Do you manage a school/college/departmental website that represents the university? This meeting is for you.
Come share your successes, failures, questions and lessons learned with other Web workers from around campus.
This meeting’s agenda includes:
Everyone is welcome and encouraged to share their experiences.
March 20 at 10:30 a.m. in the Simon’s Room, 144 Purdy Library
RSVP is not required but suggested.
To increase awareness of all our accessible entrances on campus, we have implemented some new functionality to our campus map. We have added a toggle switch on the bottom-right side of the map to switch to an accessible entrances view, showing where the entrances are on each building. There are two new icons in the map key to show Accessible Entrances with and without automatic doors.
We have also provided a printable PDF version of the map that you can get from our printable maps page. Or try it out live at campusmap.wayne.edu.
The 5th World Usability Day and the 7th Annual Usability and Accessibility Conference at Michigan State University, will be held on Thursday, November 12, 2009, at the Kellogg Hotel and Conference Center on the MSU campus.
Designing for a Sustainable World
Designing for a Sustainable World focuses on how our products and services impact our world. The ‘Cradle to Cradle’ approach is to start the design with the premise of using materials that can fully enter a new life cycle by either going back to nature or going back into the design process as a new product. This holistic approach to sustainable design shows how usability can apply to all of what we do and build.
Please “Save the Date” for this program that will be relevant to researchers, professionals, and students alike. Explore advanced and timely topics of usability, accessibility and human-technology interface design in the sustainable global knowledge economy.
Tours of the MSU Usability & Accessibility Center are included in the day’s agenda.
For information on how to get involved, please visit http://www.usability.msu.edu/conf/2009/.
We have begun adding functionality to our Campus Map, which is currently developed in Flash, to be accessible to the iPhone and iPod Touch.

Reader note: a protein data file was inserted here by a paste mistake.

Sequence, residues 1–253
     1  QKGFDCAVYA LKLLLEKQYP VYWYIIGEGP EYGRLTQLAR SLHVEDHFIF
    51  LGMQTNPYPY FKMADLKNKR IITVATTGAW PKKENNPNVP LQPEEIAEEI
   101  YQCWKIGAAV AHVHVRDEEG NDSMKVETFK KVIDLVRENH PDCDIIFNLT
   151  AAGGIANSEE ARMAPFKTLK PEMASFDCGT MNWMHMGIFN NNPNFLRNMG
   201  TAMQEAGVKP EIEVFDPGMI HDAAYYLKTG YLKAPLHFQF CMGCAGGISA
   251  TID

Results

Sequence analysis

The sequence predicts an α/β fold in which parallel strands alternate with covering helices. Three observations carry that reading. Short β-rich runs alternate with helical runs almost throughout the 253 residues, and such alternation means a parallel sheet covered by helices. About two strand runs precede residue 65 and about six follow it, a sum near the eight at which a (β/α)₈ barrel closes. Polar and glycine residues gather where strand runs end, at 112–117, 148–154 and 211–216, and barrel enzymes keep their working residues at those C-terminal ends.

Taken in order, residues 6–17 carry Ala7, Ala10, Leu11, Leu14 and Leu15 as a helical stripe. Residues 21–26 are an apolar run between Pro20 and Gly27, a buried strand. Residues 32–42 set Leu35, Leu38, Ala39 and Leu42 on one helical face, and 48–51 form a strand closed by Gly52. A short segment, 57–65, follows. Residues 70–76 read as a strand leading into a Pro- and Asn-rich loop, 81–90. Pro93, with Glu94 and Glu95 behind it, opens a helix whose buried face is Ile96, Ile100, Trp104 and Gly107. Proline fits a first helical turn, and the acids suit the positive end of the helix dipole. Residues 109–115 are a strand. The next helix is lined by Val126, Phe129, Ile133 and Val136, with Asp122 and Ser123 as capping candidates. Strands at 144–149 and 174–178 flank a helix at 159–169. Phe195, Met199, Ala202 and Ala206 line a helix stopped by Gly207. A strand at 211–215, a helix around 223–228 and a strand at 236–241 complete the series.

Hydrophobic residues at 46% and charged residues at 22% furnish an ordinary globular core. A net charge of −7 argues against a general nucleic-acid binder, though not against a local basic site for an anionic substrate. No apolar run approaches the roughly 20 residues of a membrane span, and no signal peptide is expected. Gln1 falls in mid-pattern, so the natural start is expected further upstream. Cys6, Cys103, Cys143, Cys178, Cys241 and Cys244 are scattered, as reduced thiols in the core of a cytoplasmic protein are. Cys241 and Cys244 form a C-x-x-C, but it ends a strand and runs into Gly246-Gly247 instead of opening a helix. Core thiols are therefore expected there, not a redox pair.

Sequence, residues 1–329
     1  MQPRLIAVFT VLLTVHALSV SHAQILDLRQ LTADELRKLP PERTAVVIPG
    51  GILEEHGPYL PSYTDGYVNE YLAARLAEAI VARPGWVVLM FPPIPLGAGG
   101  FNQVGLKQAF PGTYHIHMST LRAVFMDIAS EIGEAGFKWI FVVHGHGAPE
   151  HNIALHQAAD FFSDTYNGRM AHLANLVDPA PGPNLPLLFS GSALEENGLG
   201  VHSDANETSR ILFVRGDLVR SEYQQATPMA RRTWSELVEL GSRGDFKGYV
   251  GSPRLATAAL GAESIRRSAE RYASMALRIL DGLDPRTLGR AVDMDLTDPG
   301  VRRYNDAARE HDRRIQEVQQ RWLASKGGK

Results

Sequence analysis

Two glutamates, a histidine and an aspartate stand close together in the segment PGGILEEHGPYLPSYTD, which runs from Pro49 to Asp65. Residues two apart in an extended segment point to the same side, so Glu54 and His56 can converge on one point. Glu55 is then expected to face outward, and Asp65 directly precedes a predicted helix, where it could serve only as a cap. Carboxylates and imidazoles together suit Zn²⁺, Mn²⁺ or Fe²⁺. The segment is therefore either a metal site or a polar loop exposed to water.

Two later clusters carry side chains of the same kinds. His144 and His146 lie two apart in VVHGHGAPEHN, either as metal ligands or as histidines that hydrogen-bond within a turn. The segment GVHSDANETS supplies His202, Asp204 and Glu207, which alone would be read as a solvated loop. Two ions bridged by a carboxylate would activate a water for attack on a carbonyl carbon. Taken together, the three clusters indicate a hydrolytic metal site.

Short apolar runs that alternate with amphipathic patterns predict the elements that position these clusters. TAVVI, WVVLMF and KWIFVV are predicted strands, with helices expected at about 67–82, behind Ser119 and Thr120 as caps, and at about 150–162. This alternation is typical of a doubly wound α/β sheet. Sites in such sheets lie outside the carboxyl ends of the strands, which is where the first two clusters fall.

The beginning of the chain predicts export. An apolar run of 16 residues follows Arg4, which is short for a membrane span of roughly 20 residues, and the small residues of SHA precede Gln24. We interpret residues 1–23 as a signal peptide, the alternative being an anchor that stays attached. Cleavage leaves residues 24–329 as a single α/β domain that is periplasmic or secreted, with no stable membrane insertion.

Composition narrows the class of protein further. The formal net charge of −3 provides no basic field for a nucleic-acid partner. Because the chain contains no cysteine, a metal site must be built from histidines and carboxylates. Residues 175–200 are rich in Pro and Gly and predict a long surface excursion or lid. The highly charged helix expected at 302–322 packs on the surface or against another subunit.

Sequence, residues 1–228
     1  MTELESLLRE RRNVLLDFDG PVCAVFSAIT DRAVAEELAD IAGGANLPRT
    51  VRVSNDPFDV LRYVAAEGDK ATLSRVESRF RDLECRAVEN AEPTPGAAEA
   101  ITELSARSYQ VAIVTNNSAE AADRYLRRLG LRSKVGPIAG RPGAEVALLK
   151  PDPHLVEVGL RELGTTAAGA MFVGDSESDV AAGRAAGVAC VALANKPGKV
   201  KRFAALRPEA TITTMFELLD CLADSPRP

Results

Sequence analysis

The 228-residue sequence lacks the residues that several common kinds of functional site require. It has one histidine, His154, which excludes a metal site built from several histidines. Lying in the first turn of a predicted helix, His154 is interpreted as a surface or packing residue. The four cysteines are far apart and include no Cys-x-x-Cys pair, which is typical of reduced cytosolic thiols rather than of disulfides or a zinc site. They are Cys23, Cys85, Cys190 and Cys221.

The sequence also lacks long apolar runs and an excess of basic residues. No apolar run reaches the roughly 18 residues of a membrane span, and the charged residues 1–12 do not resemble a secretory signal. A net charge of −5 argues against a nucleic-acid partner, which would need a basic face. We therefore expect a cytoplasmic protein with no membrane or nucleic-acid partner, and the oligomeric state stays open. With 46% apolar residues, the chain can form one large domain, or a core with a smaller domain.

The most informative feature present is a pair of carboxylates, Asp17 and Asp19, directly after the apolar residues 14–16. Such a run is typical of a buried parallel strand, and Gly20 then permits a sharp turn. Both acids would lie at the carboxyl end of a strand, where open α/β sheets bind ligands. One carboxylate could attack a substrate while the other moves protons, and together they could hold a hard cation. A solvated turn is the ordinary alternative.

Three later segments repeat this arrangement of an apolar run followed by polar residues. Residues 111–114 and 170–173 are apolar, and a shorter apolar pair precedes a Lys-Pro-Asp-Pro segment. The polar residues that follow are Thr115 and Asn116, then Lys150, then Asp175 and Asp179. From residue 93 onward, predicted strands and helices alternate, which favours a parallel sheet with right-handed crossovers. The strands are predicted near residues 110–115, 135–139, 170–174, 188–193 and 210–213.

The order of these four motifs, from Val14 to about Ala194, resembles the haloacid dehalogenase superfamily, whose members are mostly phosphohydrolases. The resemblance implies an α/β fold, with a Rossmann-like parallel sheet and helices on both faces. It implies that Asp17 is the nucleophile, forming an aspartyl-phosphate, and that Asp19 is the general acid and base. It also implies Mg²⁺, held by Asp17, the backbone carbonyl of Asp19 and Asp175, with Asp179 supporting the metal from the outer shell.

The iPhone cannot view the Flash site so if you wanted to look at or follow the map you were out of luck. With a little iPhone detection we redirect users to: http://campusmap.wayne.edu/iphone/
Instead of getting a flash version of the map we converted it to an SVG image and embedded it. This allows for the fully viewable main campus map to be viewable and scalable without getting blurry. Although it is not the best solution it is a step in the right direction.
As we continue to support the iPhone and iPod Touch features we will soon release a fully searchable map that includes all our campuses. It will also be able to link to the built in Google Map to pinpoint its location.
As C&IT expands wireless availability on campus the easier it is to get oriented with campus while you are walking through it.
What would you like to see on the campus map? Are we missing something or is something not working like you expected? Let us know, we would love to hear about it. Just comment on this post.
Earlier this week I gave a presentation about Web Standards and Accessibility to the ASIS&T Wayne State Student Chapter.
I gave the presentation as an overview of the importance of web standards and accessibility. Not only as the right thing to do but also how they can benefit any web project. Not only is there a cost savings to having and using standards but there is also a search engine benefit and overall your users will be happier.
Unfortunately the real world execution is not so cut and dry. Scope, time constraints and lack of communication effect the end result of both standards and accessibility. The key is communication, letting everyone know what the standards are and if there is an addition. Making standards and accessibility a habit and baking it into every piece of work you do will make it that much easier to execute on a consistent basis.
Last but not least
!important is not your friend, please stop using it.
Looking for a place to eat on campus?
Well search no further, check out Wayne State Campus Map for food venues around campus!
If you are not familiar with our campus map, click here
Ten years after WCAG 1.0 was published WCAG 2.0 is official, so what do we do now? Its time to look inside and start updating.
WCAG 2.0 applies broadly to more advanced technologies; is easier to use and understand; and is more precisely testable with automated testing and human evaluation.
W3C WAI recommends using WCAG 2.0, instead of WCAG 1.0.
Most Web sites that conform to WCAG 1.0 will not require significant changes in order to conform to WCAG 2.0, and some may not need any changes. To help you move to WCAG 2.0, WAI is developing:
WCAG 2.0 has 12 guidelines that are organized under 4 principles: perceivable, operable, understandable, and robust. For each guideline, there are testable success criteria, which are at three levels: A, AA, and AAA.
For a short summary of the WCAG 2.0 guidelines, see WCAG 2.0 at a Glance.
The best place to start working with WCAG 2.0 is the How to Meet WCAG 2.0 (Quick Reference).
Remember we are here to help so any questions about your site being accessible let us know and we can give you a complete evaluation.